Foreign Exchange & Commodities (April 2017)

U.S. Dollar Down but Not Out

“The U.S. dollar setback is likely to be incremental rather than acute from here, as the greenback is set to keep benefitting from the backdrop of a strong U.S. economy and further Fed tightening.”

- Michael Tan, Senior Investment Counsellor, OCBC Bank

  • Markets are worried that Trump will keep struggling to get any of his agenda through Congress this year following his failure to pass this healthcare bill. This has dampened expectation about tax reforms and large-scale infrastructure programs. We think the de-pricing of the Trumpflation trade is already at a mature stage and continue to expect the U.S. dollar to be “not great, not bad but just good”.
  • Political risks in Europe seem to be abating and the PMI indicators surprised strongly to the upside, keeping European reflation in focus. If the French election tail risk is avoided, strengthening economic momentum suggests further upside potential for the Euro.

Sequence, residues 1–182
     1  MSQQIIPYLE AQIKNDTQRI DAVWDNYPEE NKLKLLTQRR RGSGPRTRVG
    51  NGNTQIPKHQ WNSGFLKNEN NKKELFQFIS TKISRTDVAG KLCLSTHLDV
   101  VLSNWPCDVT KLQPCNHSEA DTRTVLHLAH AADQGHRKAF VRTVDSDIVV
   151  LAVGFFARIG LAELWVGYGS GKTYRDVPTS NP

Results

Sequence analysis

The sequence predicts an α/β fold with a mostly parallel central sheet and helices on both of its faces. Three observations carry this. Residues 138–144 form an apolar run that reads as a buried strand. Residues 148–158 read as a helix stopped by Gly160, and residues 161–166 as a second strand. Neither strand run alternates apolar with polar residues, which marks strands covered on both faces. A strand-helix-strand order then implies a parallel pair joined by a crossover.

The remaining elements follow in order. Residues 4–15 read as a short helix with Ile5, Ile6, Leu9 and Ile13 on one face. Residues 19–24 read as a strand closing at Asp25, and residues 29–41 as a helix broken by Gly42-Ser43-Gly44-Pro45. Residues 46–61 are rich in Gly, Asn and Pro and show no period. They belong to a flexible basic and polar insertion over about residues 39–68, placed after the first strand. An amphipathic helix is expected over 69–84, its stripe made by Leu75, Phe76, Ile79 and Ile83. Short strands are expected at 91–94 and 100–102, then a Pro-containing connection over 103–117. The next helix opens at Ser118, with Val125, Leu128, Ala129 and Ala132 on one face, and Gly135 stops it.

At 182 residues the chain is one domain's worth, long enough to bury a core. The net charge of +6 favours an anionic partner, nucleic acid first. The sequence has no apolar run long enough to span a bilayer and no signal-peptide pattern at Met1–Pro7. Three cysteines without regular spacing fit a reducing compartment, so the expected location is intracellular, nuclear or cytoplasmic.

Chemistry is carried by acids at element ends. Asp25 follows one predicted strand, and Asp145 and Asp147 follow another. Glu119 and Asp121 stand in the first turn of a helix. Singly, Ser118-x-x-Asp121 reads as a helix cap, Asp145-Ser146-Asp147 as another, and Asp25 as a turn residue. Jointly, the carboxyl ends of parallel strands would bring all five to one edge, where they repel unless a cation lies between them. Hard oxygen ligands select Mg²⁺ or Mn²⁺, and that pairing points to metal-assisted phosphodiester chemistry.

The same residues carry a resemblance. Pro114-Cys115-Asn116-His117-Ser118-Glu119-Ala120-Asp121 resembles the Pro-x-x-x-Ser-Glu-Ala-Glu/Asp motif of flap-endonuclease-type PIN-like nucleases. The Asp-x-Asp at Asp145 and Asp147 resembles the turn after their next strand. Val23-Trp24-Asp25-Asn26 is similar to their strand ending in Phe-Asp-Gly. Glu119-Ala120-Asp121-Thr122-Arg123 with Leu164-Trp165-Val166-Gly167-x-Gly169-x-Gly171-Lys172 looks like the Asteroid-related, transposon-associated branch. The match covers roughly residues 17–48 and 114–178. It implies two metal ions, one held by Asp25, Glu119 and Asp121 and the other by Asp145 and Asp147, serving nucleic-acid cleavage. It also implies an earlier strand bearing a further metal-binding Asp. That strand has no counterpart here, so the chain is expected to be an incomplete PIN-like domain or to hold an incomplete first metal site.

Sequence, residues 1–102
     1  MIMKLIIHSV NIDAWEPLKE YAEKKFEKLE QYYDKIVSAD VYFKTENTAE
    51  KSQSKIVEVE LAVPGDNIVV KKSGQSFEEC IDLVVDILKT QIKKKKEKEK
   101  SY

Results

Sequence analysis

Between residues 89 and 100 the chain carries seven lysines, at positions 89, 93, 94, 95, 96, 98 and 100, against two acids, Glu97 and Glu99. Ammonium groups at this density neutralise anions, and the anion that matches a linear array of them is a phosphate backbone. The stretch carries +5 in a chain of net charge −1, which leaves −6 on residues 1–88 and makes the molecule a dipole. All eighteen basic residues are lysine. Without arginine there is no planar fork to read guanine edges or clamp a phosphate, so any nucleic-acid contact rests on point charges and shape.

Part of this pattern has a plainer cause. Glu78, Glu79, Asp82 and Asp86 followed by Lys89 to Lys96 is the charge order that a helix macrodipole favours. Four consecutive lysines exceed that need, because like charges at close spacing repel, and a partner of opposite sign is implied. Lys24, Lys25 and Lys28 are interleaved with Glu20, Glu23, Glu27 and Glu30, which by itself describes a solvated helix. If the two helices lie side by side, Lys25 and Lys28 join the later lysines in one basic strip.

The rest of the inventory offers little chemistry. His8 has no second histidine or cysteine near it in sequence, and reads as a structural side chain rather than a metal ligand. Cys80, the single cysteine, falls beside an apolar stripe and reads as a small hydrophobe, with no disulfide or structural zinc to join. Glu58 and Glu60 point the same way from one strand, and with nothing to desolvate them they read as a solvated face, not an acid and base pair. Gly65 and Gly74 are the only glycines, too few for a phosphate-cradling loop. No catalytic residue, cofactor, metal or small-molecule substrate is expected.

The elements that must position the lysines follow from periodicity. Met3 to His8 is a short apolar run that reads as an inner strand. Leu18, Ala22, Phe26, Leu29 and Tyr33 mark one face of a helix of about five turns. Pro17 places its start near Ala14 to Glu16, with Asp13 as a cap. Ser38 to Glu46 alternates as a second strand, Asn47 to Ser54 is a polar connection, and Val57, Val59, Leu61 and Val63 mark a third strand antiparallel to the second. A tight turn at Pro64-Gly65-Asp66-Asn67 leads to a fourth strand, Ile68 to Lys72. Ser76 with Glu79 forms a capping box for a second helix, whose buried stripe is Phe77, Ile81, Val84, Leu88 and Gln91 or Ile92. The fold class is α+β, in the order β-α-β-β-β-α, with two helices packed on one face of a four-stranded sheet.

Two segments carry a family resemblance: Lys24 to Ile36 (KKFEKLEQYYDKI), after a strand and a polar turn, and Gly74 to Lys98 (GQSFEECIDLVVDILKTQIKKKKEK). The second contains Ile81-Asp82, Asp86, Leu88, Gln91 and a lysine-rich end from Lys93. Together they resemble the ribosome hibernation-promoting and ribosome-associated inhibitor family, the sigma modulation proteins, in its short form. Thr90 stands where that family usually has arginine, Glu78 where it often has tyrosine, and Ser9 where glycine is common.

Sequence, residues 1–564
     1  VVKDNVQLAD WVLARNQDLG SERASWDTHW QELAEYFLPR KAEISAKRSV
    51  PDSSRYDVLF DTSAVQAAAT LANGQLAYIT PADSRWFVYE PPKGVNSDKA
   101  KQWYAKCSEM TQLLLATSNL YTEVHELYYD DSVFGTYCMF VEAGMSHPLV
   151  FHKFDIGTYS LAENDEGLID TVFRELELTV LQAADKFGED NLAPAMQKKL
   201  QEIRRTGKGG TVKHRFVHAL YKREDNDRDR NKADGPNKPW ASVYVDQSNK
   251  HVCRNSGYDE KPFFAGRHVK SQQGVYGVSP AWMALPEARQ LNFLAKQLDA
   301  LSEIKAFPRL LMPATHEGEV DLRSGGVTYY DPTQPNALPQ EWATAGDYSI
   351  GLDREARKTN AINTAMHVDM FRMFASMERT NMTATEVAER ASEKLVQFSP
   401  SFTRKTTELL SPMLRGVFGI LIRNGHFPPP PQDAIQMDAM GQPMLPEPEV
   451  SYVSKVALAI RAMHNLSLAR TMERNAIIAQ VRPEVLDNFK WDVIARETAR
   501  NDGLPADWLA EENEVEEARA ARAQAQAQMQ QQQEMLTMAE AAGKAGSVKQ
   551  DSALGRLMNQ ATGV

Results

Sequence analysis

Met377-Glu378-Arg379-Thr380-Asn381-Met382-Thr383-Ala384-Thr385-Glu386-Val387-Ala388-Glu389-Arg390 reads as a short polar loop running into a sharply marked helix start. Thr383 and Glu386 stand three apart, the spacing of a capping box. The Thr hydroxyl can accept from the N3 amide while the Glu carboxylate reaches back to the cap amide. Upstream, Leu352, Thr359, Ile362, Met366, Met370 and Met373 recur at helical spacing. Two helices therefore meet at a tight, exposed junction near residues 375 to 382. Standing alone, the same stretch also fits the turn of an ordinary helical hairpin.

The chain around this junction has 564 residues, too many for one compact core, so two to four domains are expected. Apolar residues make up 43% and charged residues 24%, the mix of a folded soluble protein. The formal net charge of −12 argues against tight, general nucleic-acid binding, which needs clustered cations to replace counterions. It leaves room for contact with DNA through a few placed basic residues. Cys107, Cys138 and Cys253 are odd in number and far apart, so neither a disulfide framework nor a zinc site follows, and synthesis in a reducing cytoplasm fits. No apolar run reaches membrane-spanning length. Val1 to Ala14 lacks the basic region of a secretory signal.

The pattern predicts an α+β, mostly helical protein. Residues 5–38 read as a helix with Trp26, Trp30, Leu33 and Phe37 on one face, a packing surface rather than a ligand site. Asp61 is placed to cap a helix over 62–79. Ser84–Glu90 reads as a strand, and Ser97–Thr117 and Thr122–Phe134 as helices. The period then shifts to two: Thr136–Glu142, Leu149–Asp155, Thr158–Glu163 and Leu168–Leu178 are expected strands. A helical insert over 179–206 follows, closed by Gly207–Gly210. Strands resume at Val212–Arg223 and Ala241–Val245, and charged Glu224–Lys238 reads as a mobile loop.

• In the month that follows the Article 50 trigger, the EU will publish the “Brexit directives” that will set the tone for the EU negotiation. Markets will scrutinise the details to assess the probability that the trade negotiations could happen alongside the divorce deal (citizens’ rights, UK’s Brexit bill). It is likely that the EU will seek to limit initial talks to the latter. The market is pricing increasing probability of a Bank of England hike, which seems premature. With valuations for the currency extremely cheap and speculative positioning still short, there is a risk that Pound rallies become more frequent. But we still struggle to justify turning bullish on the Pound at above US$1.20.
  • Although political risk in Europe has receded following the first French presidential debate, hopes of a gradual Fed rate hike and worries over Trump policy delays have benefitted gold price. Gold's reaction thus far should help assert its role as a portfolio diversifier and this could gain further traction should the reflationary ‘Trump Trade’ stall further.
  • In March, concern over inventories and the supply discipline of OPEC producers sent oil prices lower, with speculative short positions increasing sharply. This is the type of moderate short-term volatility that we can expect as prices are constrained on the upside by the threat of output rising as more of the marginal producers become profitable. Meanwhile prices are limited on the downside by OPEC controls on excess supply and inefficient producers being squeezed out of the market. It looks as though the longer-term equilibrium price where supply and demand is in balance is perhaps in the US$50-60 per barrel range, which implies prices should be relatively stable around current levels.